| 23.4°C Dublin

Massereene accused is unlikely terrorist court told

A MAN accused of murdering two soldiers is a highly unlikely terrorist, a court heard today.

Brian Shivers has never committed any criminal offences and has a limited lifespan because he is suffering from cystic fibrosis, his barrister told the court.

Shivers and Colin Duffy deny the murder of Sappers Mark Quinsey and Patrick Azimkar, who were shot outside their army base in Antrim.

Patrick O'Connor QC told Belfast Crown Court sitting in Antrim: "Brian Shivers is a highly unlikely terrorist.

"He is 46 years old and has never committed a criminal offence in his life. He has a lack of propensity to offend and is credible as a witness in his own defence."

Sappers Quinsey, 23, and Azimkar, 21, were shot dead by the Real IRA as they collected pizzas with comrades outside Massereene Army base in Antrim town in March 2009.

Duffy, 44, from Forest Glade in Lurgan, Co Armagh, and Shivers, 46, from Sperrin Mews, in Derry, deny two charges of murder and the attempted murder of six others - three soldiers, two pizza delivery drivers and a security guard.

Mr Shivers has admitted attending meetings of republican socialist group Eirigi but said he never joined and supports the peace process.

Mr O'Connor added: "With all these powers and opportunities the Crown has been unable to place before you any sign of a political motive or a commitment which could lie behind this."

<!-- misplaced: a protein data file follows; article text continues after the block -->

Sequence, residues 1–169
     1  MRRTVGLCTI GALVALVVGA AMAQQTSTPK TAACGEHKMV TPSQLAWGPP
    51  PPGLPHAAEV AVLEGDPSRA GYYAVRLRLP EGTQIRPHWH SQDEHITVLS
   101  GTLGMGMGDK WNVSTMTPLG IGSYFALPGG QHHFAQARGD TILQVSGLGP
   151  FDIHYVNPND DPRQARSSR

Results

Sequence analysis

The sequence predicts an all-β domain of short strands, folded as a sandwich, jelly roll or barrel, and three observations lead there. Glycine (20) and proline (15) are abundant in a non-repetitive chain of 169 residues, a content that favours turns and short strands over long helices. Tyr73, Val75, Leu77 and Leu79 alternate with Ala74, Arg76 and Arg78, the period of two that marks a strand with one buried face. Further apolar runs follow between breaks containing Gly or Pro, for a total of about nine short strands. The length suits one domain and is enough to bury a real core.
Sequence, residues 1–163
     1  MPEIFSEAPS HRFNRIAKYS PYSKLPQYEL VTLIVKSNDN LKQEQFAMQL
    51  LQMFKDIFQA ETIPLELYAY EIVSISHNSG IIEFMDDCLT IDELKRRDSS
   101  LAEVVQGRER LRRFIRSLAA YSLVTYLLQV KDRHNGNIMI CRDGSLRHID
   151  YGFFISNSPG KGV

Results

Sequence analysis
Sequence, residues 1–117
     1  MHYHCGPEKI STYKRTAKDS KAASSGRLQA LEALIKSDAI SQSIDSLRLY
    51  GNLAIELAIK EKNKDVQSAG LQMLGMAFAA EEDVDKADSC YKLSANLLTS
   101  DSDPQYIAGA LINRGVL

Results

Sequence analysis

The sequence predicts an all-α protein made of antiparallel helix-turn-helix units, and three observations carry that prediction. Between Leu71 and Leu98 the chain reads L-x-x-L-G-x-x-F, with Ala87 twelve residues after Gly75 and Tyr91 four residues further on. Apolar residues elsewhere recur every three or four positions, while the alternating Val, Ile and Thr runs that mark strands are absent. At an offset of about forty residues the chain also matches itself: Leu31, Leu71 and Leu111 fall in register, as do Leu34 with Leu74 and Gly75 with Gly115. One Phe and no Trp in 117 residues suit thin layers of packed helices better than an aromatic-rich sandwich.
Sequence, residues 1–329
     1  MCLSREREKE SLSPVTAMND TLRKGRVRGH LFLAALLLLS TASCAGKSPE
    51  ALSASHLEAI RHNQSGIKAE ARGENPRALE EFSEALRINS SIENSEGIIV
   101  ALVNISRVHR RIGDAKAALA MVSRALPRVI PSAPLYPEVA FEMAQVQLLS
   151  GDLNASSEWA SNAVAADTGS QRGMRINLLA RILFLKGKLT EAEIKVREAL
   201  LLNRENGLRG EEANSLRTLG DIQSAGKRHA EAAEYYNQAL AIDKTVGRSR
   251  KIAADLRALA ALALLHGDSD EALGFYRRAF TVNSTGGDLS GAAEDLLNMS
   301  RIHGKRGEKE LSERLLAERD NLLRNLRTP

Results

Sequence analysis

He said his client had serious medical difficulties.

"Mr Shivers is someone who lives under the shadow of a limited lifespan for medical reasons," he added.

He said that in no way does that mean that he is necessarily innocent or could not have committed the offences but added it would tend to have a "sobering effect" on a man's approach to life.

Daily Digest Newsletter

Get ahead of the day with the morning headlines at 7.30am and Fionnán Sheahan's exclusive take on the day's news every afternoon, with our free daily newsletter.

This field is required

"It renders it less likely that he should suddenly out of the blue engage in some mad terrorist adventure," he added.

He said the amount of DNA evidence linking his client to a mobile phone and matchsticks in the getaway car was tiny.

"The fact that every one of the traces attributed to Mr Shivers are low template DNA and each of them has a sign that there maybe at least one other contributor, it is a very fragile exercise indeed," Mr O'Connor added.

Most Watched